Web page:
COVID-19 cases continue to fall
Four local counties’ test positivity under 5% threshold
The COVID-19 situation in the region continues to improve, and for the first time in months, more than one of the 12 key regional metrics in the state’s early-warning dashboard — two per county — are below the thresholds of concern.
Those include Blair’s test positivity, which, at 4.4%, is under the 5% threshold — as are Clearfield’s positivity of 3.6%, Cambria’s positivity of 4% and Centre’s positivity of 4.5%.
Also under the threshold of concern is Bedford’s incidence rate — the number of new cases per 100,000 residents over the last week — which, at 43, is under the threshold of 50.
Last week, the only regional key metric below its threshold of concern was Cambria’s positivity, which was 4.3%.
Blair’s test positivity for this week is down by 3.2 points.
Centre’s is down by 4.7 points, the biggest positivity drop.
Clearfield’s is down by 1.7 points and Cambria’s by 0.3 points.
Bedford County’s positivity, which at 6.4% is still over the threshold of concern, is down by 0.5 points.
Huntingdon County’s positivity, which at 5.3%, is still over the threshold, is down by 2.1 points.
Blair’s incidence rate, which at 72 is still over the threshold of concern, had the biggest drop among local counties, at 43%.
Clearfield’s incidence rate, 74, is down 42%.
Huntingdon’s incidence rate is 144, down 34%.
Cambria’s incidence rate, 64, is down 26%.
Centre’s incidence rate, which at 208, is the highest rate locally, was down 18%.
Bedford’s incidence rate is down 14%.
There is additional evidence for the diminishing regional outbreak: The total new-case count is down from the previous week by 281.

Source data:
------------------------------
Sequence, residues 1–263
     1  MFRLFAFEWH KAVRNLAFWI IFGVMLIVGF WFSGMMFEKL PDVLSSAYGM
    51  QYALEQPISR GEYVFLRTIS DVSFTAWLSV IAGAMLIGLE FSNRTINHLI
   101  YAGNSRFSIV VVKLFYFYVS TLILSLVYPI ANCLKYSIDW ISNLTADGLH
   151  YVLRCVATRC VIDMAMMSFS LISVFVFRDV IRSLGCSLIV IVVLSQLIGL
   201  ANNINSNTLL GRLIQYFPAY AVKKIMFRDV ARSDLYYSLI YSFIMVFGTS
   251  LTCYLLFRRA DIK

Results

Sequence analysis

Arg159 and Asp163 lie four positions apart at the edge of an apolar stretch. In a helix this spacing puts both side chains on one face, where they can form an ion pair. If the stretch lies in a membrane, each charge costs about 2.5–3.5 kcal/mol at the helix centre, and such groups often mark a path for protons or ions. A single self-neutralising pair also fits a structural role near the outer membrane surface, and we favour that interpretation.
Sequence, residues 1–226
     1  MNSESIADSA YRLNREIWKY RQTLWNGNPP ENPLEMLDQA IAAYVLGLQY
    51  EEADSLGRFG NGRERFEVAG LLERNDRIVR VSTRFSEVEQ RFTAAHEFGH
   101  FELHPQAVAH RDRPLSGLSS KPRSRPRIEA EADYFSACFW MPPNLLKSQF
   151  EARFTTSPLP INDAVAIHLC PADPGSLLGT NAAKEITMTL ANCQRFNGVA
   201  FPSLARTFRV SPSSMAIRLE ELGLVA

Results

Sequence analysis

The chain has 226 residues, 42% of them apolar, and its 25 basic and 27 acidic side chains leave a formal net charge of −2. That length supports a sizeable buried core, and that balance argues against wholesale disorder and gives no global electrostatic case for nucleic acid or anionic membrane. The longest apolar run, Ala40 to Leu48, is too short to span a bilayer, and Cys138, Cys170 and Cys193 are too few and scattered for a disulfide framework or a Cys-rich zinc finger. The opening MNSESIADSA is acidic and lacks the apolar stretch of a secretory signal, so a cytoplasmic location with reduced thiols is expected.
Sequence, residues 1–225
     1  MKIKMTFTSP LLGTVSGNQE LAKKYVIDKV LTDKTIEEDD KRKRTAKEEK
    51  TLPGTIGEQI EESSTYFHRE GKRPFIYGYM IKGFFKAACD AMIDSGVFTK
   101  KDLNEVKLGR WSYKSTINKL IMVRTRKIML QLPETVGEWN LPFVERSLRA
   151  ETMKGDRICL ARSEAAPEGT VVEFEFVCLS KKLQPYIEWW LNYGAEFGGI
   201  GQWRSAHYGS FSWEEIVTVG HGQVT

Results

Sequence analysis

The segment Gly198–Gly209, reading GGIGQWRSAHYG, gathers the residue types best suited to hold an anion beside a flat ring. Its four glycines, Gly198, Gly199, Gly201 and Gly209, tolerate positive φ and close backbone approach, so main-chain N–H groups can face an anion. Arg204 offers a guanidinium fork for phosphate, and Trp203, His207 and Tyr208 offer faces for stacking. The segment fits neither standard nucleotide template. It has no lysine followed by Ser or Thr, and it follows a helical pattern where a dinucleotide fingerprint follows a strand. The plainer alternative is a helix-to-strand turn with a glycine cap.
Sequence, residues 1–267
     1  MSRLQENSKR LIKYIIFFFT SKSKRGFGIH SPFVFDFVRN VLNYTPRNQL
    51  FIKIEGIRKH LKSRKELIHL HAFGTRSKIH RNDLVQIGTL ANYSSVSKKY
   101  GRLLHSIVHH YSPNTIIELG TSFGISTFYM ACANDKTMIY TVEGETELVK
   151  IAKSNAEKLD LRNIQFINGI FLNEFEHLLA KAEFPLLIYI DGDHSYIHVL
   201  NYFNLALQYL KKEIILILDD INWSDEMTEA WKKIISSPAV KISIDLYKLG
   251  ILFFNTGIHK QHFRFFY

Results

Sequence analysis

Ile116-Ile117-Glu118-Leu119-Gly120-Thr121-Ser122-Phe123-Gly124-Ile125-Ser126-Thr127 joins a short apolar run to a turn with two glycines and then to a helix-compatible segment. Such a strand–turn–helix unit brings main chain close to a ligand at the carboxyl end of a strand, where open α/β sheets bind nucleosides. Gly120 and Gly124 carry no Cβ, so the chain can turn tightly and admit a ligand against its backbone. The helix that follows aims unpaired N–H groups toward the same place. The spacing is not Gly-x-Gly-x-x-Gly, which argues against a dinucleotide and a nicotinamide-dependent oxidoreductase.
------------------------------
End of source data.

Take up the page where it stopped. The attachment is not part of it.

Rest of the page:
The biggest drop was in Centre County, by 88 cases to 405.
In the state as a whole, the number of new cases declined by 5,461 this week.
The incidence rate was down 24%, to 116.
The positivity was down 1.5 points, to 6.5%.
The wintry weather this week has hindered distribution of vaccines in Pennsylvania, the Department of Health reiterated Friday in an email.
Moderna vaccines were not shipped from its distribution hub on Monday, Tuesday or Wednesday, while the Pfizer vaccine was not shipped from its hub on Monday and only a “limited amount” of it was shipped Tuesday and Wednesday, according to the department.
The federal government, which is in charge of the vaccine shipments to states, “is working to catch up as efficiently as possible,” according to the news release.
There will, however, be “a significant backlog of orders for distribution as the federal government and the distributors work to begin shipping again,” the news release stated.
Pennsylvania received 183,000 first doses this week — 112,000 from Moderna and 71,000 from Pfizer, according to the news release. Philadelphia and federal facilities receive doses separately.
Mirror Staff Writer William Kibler is at 814-949-7038.